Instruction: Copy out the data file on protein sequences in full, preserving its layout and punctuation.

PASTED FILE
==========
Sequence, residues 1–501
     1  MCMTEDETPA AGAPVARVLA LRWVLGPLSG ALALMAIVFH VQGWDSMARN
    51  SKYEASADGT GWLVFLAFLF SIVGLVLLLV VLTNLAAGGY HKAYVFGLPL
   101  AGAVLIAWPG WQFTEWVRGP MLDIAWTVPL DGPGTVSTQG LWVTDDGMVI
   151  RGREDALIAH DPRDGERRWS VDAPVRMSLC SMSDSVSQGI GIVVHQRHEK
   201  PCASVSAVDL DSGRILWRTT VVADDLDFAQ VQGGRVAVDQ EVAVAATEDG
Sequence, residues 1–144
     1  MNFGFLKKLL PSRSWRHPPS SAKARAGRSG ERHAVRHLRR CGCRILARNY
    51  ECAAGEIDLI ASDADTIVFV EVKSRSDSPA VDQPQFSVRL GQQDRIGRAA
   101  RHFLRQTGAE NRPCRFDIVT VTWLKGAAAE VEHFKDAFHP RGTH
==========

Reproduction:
Sequence, residues 1–501
     1  MCMTEDETPA AGAPVARVLA LRWVLGPLSG ALALMAIVFH VQGWDSMARN
    51  SKYEASADGT GWLVFLAFLF SIVGLVLLLV VLTNLAAGGY HKAYVFGLPL
   101  AGAVLIAWPG WQFTEWVRGP MLDIAWTVPL DGPGTVSTQG LWVTDDGMVI
   151  RGREDALIAH DPRDGERRWS VDAPVRMSLC SMSDSVSQGI GIVVHQRHEK
   201  PCASVSAVDL DSGRILWRTT VVADDLDFAQ VQGGRVAVDQ EVAVAATEDG
Sequence, residues 1–144
     1  MNFGFLKKLL PSRSWRHPPS SAKARAGRSG ERHAVRHLRR CGCRILARNY
    51  ECAAGEIDLI ASDADTIVFV EVKSRSDSPA VDQPQFSVRL GQQDRIGRAA
   101  RHFLRQTGAE NRPCRFDIVT VTWLKGAAAE VEHFKDAFHP RGTH